What We Do
In 2010, 49 million Americans, or one in six, lacked the resources to eat sufficient, regular meals – a new all-time high. (USDA)
Hamilton-Madison House (HMH) is dedicated to improving the quality of life for residents in the Two Bridges/Chinatown area on Manhattan's Lower East Side. Hamilton-Madison House offers a variety of human service social programs. Each week, Hamilton-Madison House provides services to 1,700 people of all ages and to more than 10,000 people annually.
Community Experience Partnership
Healthy Communities Through Healthy Food
Older Adults Creating Change and Improving Their Communities
The first of 77 million baby boomers turned 60 in 2006. By 2030, 108 million Americans will be over age 55, up from 60 million today. Will our communities be ready for this age-wave?
To make sure we are ready, UNH – in partnership locally with The New York Community Trust – is participating in the Community Experience Partnership (CEP), a national initiative of The Atlantic Philanthropies that is working to ensure that communities throughout the U.S. will be ready and able to engage the talents and energy of older adults to address community problems.
Never before have so many older adults had so much knowledge—and so much time to use it. At a time of increasing challenges, unleashing this vast human potential is a social imperative. It requires fresh attitudes, policies, and practices that welcome the contributions and involvement of older adults in their community – leading efforts that address challenges, create change, and improve lives.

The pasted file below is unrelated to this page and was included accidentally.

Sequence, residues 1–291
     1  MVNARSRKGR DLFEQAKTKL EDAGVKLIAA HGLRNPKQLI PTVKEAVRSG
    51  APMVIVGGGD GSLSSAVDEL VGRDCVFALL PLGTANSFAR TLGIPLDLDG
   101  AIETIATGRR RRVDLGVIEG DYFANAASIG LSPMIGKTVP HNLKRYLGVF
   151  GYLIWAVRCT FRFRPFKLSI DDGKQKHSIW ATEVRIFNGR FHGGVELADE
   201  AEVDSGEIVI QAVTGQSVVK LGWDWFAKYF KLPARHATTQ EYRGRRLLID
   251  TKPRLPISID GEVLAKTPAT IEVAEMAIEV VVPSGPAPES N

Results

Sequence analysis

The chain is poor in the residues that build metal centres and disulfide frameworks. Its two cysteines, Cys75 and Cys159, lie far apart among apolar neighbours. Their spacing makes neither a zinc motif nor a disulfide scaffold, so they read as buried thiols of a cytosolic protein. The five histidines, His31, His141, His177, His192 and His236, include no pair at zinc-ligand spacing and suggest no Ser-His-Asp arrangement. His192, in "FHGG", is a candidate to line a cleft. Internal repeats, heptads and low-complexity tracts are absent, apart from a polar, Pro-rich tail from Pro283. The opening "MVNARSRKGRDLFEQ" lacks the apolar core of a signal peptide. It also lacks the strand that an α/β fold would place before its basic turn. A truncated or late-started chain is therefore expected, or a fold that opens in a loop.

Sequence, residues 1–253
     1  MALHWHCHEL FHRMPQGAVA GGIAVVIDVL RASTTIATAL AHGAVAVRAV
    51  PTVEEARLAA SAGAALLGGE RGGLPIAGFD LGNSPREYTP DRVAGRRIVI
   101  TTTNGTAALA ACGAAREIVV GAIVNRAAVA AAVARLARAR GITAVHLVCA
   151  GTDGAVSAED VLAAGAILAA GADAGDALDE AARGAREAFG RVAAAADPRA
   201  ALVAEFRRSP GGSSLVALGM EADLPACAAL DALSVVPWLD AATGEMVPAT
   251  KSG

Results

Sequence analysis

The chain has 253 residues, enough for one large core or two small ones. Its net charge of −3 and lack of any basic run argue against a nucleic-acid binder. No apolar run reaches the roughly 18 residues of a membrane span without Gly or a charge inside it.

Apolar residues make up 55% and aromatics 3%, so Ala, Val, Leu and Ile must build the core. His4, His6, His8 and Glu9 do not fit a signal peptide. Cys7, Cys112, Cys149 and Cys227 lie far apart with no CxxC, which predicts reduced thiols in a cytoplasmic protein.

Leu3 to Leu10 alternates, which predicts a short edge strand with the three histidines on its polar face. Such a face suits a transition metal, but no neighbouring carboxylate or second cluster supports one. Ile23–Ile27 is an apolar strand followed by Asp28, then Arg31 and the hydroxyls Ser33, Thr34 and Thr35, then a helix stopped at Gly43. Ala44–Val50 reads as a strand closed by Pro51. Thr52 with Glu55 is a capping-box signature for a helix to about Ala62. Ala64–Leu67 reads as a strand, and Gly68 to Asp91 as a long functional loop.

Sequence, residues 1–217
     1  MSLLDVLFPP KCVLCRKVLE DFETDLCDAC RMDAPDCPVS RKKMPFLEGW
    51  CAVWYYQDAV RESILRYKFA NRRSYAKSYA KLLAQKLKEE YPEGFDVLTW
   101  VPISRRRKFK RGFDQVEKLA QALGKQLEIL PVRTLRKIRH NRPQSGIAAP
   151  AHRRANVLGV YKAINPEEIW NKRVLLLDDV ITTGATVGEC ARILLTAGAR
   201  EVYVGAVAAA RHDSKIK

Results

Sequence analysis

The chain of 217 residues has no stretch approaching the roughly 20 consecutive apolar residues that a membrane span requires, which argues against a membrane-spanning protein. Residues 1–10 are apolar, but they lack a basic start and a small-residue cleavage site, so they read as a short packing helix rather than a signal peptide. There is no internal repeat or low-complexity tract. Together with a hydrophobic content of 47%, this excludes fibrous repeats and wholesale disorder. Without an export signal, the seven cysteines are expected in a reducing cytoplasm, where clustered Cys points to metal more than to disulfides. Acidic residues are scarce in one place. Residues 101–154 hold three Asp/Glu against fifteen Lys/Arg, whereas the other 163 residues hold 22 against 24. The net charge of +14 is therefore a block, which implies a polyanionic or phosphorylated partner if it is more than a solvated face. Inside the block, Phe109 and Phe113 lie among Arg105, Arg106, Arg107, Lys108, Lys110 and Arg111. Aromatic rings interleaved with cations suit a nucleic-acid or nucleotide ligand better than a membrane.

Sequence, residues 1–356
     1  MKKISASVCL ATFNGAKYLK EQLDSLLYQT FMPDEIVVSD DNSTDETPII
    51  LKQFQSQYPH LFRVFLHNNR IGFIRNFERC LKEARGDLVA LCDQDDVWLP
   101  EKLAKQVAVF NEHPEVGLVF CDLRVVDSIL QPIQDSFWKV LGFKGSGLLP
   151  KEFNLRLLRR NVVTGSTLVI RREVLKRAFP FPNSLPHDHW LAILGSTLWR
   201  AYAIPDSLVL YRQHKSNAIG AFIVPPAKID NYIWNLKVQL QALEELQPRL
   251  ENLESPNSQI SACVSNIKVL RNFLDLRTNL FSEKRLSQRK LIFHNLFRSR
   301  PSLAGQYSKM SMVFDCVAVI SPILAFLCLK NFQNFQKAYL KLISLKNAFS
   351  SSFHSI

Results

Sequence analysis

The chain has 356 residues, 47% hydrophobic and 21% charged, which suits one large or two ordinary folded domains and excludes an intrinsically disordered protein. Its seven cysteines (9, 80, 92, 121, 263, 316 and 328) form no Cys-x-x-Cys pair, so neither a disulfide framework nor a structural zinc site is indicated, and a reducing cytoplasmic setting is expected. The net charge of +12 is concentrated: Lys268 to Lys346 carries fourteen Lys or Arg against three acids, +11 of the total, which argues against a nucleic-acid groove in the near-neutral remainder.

Through the CEP initiative, UNH is working with six organizations to demonstrate how older adults can be rallied to address an important community issue – access to affordable fresh food in low-income communities. From East New York in Brooklyn to western Queens, to the Southwest Bronx, older adults are bringing fresh food into their community, teaching local residents the importance of making fresh produce a regular part of everyone’s diet, and showing neighbors how to cook delicious meals with fresh healthy ingredients.
In two years, starting in 2010, older adults working through this project brought in over 70 tons of fresh food to their communities by launching a fresh food buyers’ club, growing food in vacant lots, establishing farm stands, expanding farmers markets, and offering food education and cooking classes to their neighbors. two farm stands and two farmers markets have been opened, and 120 food gardens have been strengthened or established.
Through UNH’s CEP initiative, older adults are not only addressing the critical need for fresh food, but they are demonstrating the key role they can play in improving their communities.
Six different organizations (including three UNH members) are engaged as community partners with UNH. As a group, they offer rich and diverse learning environments for developing models to engage older adults in the civic life of their communities.
Six different and distinct organizations are engaged as community partners with UNH:
- United Community Centers (UCC) of East New York, Brooklyn
- Myrtle Avenue Revitalization Project (MARP) of the Fort Greene and Clinton Hill neighborhoods in Brooklyn
- Isabella Geriatric Center (Isabella) of the Washington Heights and Inwood Neighborhoods of Northern Manhattan
- Just Food
- Queens Community House
For more information about improving healthy food access in your community:
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